These longer balls not only force Barcelona to change their tactics, but they also help to relieve the pressure on the defence, and bypass the heavy pressing of Barcelona in their attacking third.

Shooting From Distance

One final observation about Barcelona is that Xavi and Iniesta rarely track back to the edge of their own penalty area. This often tends to leave space between the midfield and the defenders, which is only covered by Sergio Busquets. However, often Busquets has dropped deeper into the defensive line.

As a result, if you can get one of the attacking trio of midfielders – Douglas Costa, Jadson and Willian – on the ball in this area, they are likely to have plenty of space to work in. Each of these three has also proven that they are very talented in shooting from range.

Getting just one of these players free in this open area will almost certainly open up the option of the shot, and if they can get it right, it could be a potentially profitable avenue when it comes to trying to grab that all important goal.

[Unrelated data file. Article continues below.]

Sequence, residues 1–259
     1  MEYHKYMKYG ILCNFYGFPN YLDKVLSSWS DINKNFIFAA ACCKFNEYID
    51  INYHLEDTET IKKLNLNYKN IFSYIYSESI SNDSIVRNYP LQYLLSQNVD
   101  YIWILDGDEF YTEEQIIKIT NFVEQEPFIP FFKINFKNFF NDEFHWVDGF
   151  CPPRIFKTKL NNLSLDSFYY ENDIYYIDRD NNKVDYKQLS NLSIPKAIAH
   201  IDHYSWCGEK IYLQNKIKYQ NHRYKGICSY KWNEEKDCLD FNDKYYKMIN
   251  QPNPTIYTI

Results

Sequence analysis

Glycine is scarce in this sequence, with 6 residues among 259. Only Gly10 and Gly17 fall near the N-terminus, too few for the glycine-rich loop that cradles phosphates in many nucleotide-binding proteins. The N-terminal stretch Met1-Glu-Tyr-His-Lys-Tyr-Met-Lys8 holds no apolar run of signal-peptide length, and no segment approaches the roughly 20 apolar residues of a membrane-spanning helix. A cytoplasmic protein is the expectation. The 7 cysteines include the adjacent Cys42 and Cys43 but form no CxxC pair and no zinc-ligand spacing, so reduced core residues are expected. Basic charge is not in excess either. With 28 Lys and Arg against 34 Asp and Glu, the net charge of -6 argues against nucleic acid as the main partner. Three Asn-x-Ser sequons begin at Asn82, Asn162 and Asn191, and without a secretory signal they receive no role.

Final Comments

Barcelona are a very good outfit, but are not unbeatable. Indeed, their away record in the Champions League is actually quite poor, with only two wins in their past thirteen matches. Whilst only Inter and Arsenal have beaten them, it shows that they do not put ties to rest in the away leg.

On the other hand, since moving to their new stadium, Shakhtar’s home record has been nothing short of imperious. They have won their last 22 games in all competitions at home, and haven’t lost since October 2008. The likes of Tottenham, Arsenal and Roma have all been beaten.

If they can get a decent result at the Nou Camp in the first leg, they will go into the home leg with the confidence that they can get a result. Another boost for them is that their coach, the hugely experienced Mircea Lucescu, is one of only a few managers who has actually gone to the Nou Camp and won. Back in December 2008, Shakhtar beat an inexperienced Barcelona side 3-2 in the final group match.